Whether you’re taking on your first organised hiking challenge or just looking to pick up your pace on your next adventure, it’s important to make sure that you’ve got the right gear. We asked Covent Garden staff member, Rory McCrea, to recommend ten, fast and light hiking essentials that will help you to achieve your goals, without holding you back.
‘Fast and light hiking is all about optimising performance; getting fitter, stronger, carrying less weight and moving faster. It’s also about compromise, carrying less weight can mean less comfort. Here are my top 10 must haves to ensure a safe, ‘fast and light’ day out in the British hills.’
One of the most important pieces of kit for any trip is good footwear.
The theory is that they’re lighter than a pair of boots(therefore less tiring), provide better shock absorption and allow your body to move as it’s designed to move. The converse being that you don’t get the benefit of ankle support, meaning that you might not feel as stable or have the protection that you would get from a boot. If you’re relatively fit, experienced in moving over rough terrain and confident in your body’s ability to deal with fatigue then shoes could be a good a option.
As the name suggests, mid-height hiking shoes are hiking shoes with ankle protection, making them a great compromise if you prefer something a bit more substantial.
Ultimately there is no right or wrong, it just depends on what you feel more comfortable using. The most important thing is to make sure that whatever you choose fits you well and that you give yourself enough time to wear them in and allow your feet to get used to them.
Walking poles aren’t necessarily essential, but they will make a massive difference, especially on the way down when you’re feeling tired. In the short term they help with balance, load bearing and energy conservation. In the long term they minimise the impact on knee cartilage.
A 20- 25L pack should offer than enough storage. Make sure that you choose a pack that fits your torso correctly; a body hugging fit is ideal for movement. Look for a back panel system that is lightweight and well ventilated to prevent you from overheating when you’re working hard and lots of exterior storage points to give you easy access to equipment and essentials when you’re on the move.
Staying properly hydrated is critical; it affects concentration, decision making and muscle fatigue.
Water bladders are a really good idea as they will ensure that you are getting enough water whilst moving , helping massively with endurance, concentration and motivation. Most modern backpacks are hydration compatible, with a special compartment to accommodate a reservoir and a port that holds the drinking tube in a convenient position for fast, hands-free hydration.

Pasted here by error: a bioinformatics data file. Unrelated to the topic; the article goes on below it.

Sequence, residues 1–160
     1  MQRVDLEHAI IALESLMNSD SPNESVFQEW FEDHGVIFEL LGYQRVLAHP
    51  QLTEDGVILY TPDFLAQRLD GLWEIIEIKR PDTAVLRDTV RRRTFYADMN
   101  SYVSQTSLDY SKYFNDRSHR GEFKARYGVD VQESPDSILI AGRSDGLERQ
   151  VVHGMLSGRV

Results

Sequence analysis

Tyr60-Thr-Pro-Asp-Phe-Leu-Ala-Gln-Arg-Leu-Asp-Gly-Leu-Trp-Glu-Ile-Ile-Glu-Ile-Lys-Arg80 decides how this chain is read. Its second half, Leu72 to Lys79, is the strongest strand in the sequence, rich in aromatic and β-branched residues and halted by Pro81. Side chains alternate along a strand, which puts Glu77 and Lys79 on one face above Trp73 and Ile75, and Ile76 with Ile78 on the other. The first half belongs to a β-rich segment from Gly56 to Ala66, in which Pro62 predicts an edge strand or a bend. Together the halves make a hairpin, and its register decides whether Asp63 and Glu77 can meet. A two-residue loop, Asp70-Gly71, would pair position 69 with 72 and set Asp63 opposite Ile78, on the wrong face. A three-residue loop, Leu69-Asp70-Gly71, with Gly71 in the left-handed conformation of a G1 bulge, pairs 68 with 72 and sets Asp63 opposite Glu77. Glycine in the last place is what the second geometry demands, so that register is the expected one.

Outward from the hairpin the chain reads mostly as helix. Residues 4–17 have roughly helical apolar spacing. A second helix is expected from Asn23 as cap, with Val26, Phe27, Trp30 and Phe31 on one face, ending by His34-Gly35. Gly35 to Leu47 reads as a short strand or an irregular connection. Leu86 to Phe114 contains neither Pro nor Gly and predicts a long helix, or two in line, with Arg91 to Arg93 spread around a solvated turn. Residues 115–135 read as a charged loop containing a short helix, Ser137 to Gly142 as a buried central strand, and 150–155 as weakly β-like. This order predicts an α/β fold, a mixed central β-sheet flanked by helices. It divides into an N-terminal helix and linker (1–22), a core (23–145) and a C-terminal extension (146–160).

If you’re not so keen on the idea of carrying a water bladder, make sure that you have at least one, 1L water bottle easily accessible to ensure that you stay well hydrated. Many water bottles have an attachment or corresponding pouch available that allows you to carry them on the hip belt of your backpack.
This is a great ‘go to’ layer when the weather is a bit windy, drizzly or both. A softshell gives you a bit of insulation by acting as a wind break; has plenty of stretch for comfort and they come in a wide range of weights and styles, offering varying degrees of water resistance. If the weather is really atrocious you can wear your soft shell underneath your waterproof for extra protection.
Go for something ultra lightweight, if you’re lucky with the weather it will live in your bag so you don’t want anything bulky. There are lots of different technologies out there to cater for all types of activity and budget so you need to decide what additional performance elements are most important to you, be it breathability, durability or packability.
Carrying a couple of energy gels and a bar will provide a welcome boost when you feel yourself flagging. There are loads available so try a few out and see what works well for you. If you struggle to get on with bars and gels, foods such as banana bread are a convenient and effective alternative.
An electrolyte mix in your hydration pouch replenishes vital salts lost through sweating, helping to prevent cramping, fatigue by speeding up the body’s absorption of water. You can get pure electrolyte drinks or blends that can incorporate stimulants and energy.
A head torch might not seem like an essential but it can prove invaluable for early mornings, evenings and negotiating the camp site if you’re on a multi-day excursion. There’s a head torch out there to suit every budget and they range from simple on/off operation to the more techie end of the spectrum where you get into the realms of ingenious light reactive technology.
It’s a good idea to carry a neck warmer and a pair of light fleece or stretch gloves just in case, as well as a spare phone battery or portable charger. It’s essential that you have a first aid kit, survival whistle and thermal bag in your pack at all times. Hopefully you won’t need any of these items but you’ll be grateful for them in an emergency.
It is essential to carry maps and a compass with you, however you may also want to invest in a GPS. GPS devices make navigation easier, allowing you to plot your route or pinpoint your exact location in a matter of seconds. You can download or enter way points and many units come equipped with full ordinance survey mapping, so you only need to have your paper map on standby as a backup.